I'm in a USA meet Sept 20th - expecting to get trounced by kids half my age, but still I want to put in a good showing.

How should I race? What should my 50 pace be? How do I not die on the last 50? etc...

I'm 44, male, swimming masters only 2 years, still learning lots, and open to all feedback - thanks!

Syd
September 13th, 2008, 12:03 AM
Some excellent advice here. Check out these threads, too:

Race strategies: 200 free (http://forums.usms.org/showthread.php?t=723)

Help me train for the 200 free (http://forums.usms.org/showthread.php?t=11041&highlight=split)

Help me split my 200y free (http://forums.usms.org/showthread.php?t=9988&highlight=split)

I am pretty much in the same boat as you. I never was a 200 swimmer and only started swimming it last year. I have spent quite a lot of time training for it this year and will be swimming a 200 LCM in October.

bcm119's advice is spot on. If you read the other threads, almost identical advice is given from Paul Smith, John Smith and Ande. First 100 should be easy speed, third 50 is when you start to give it all you got (it starts to hurt badly here), then just hang in there for the last fifty. Bring in your legs on that last fifty.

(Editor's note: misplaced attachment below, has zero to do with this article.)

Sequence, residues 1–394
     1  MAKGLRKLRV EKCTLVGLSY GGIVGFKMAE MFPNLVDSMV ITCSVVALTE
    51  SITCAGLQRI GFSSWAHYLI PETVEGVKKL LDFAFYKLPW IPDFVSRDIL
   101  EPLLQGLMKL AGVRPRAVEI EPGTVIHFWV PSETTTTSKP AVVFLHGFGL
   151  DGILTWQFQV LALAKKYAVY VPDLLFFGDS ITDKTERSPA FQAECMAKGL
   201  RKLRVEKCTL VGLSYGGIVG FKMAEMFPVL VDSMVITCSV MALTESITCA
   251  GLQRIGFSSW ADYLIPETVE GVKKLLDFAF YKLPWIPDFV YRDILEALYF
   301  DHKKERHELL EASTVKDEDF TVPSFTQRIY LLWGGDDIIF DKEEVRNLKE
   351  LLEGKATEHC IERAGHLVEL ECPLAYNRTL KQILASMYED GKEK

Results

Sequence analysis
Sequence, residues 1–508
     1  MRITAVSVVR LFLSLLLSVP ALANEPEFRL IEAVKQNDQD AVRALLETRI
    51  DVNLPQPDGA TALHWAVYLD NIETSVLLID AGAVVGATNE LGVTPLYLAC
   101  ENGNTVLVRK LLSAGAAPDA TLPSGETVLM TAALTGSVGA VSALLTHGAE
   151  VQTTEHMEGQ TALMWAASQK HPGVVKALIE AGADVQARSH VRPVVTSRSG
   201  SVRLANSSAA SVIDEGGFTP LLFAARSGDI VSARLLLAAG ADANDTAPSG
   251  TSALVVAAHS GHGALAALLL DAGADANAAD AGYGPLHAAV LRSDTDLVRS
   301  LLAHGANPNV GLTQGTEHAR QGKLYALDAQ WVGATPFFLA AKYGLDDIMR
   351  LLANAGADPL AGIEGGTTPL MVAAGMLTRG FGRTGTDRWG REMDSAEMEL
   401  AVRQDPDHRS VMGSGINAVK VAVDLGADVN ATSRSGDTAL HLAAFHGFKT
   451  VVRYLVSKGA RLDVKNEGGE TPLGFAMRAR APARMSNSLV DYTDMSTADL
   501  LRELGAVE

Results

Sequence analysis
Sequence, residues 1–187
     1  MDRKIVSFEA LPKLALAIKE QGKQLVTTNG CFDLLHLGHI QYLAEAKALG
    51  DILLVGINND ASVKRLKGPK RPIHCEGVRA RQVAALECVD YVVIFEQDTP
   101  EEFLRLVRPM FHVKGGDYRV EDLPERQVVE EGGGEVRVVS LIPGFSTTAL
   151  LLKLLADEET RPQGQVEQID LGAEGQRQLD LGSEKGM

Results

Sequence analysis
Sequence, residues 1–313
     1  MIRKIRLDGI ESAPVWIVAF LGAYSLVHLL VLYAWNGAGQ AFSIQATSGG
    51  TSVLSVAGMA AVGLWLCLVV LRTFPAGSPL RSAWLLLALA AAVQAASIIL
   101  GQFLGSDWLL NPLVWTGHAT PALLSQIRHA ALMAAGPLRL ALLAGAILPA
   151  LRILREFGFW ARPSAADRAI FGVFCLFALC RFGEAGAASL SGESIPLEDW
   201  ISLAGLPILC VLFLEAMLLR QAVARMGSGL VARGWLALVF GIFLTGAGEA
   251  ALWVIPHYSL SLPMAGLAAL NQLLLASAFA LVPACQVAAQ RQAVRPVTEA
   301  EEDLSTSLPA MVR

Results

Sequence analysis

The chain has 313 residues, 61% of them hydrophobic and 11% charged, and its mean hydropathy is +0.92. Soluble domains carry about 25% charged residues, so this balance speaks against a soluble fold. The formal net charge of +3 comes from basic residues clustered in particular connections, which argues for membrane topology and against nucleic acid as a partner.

My :2cents: is that you really need to train this event in practice. And I don't just mean by improving your aerobic base (although that is very important, too). What I mean is that, at least, once or twice a week you need to do a 200 ALL OUT just like you would in a race. Plan your strategy in advance, set goals for each 50, each 100 and see how close you come to them. It is only by testing you strategies in practice that you will be confident using them on race day. It is imperative that you accurately time your splits in practice. In time you will start to get a feeling for how fast you need to go to achieve your goals.